A team of archaeologists on Tuesday announced they had discovered a fortified citadel in the remote Amazonian rainforest of northeast Peru that appears to be from the pre-Inca era.
The main encampment comprises circular stone houses overgrown by lush jungle over an area of five hectares (12 acres), said archaeologist Benedict Goicochea Perez, quoted by the official Andina news agency.
The citadel sits atop a chasm that the former inhabitants may have used as a lookout to spy on approaching enemies, said Goicochea Perez.
Rock paintings cover some of the fortifications, and next to the dwellings are large platforms believed to have been used to grind seeds and wild plants for food and medicine, he said.
The citadel is tucked away in the remote Jamalca district of Utcubamba province, part of the northern Amazonas department, said Jamalca Mayor Ricardo Cabrera Bravo, who had joined the expedition.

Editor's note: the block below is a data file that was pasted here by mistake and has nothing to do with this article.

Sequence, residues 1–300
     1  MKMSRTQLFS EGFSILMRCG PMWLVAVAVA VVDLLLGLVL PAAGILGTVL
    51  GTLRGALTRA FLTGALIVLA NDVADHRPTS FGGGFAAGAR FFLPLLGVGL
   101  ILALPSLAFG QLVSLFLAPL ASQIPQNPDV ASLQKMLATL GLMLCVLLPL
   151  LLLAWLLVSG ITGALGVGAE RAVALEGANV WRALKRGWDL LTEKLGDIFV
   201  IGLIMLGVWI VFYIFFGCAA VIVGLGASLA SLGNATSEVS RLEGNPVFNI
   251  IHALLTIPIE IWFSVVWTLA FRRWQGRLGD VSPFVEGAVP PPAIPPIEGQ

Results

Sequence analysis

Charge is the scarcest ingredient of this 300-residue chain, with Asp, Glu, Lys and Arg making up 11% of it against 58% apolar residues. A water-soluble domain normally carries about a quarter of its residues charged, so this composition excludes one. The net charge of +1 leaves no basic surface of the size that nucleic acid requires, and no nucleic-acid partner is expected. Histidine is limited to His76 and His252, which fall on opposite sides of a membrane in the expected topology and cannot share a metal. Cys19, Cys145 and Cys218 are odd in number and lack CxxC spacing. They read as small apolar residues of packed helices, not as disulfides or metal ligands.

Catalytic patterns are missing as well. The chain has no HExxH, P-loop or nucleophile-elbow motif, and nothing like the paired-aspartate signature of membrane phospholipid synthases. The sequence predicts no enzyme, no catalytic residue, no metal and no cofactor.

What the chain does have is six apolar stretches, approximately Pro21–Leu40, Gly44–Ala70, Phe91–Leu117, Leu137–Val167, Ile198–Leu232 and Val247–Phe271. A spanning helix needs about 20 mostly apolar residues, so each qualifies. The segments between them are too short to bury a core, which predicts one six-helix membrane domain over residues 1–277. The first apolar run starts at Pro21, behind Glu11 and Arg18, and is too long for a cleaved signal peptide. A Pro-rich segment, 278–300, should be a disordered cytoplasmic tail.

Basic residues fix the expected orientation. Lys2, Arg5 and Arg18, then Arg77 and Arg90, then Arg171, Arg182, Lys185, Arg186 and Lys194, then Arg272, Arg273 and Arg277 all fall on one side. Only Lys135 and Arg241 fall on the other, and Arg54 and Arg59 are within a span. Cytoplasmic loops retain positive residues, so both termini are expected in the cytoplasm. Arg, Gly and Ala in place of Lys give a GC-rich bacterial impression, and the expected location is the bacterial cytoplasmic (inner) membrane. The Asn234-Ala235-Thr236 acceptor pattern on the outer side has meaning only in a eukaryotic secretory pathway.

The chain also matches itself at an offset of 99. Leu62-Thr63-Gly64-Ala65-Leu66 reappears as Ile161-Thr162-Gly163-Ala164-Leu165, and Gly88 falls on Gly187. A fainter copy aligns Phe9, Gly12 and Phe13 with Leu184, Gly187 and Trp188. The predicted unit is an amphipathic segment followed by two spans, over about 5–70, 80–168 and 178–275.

The area, about 800 kilometers (497 miles) northeast of Lima, is famed for its vast, isolated natural beauty, surrounded by verdant foliage and soaring waterfalls, said Cabrera Bravo.
The citadel likely belonged to the Chachapoyas civilization — an ancient people whose glory days over a thousand years ago pre-date the hegemony of the powerful Incas.
The Chachapoyas culture (known as the Cloud Forest people) also built the imposing Kuelap fortress atop a mountain in Utcubamba, which can only be compared in scale to the Inca’s Machu Picchu retreat, built hundreds of years later.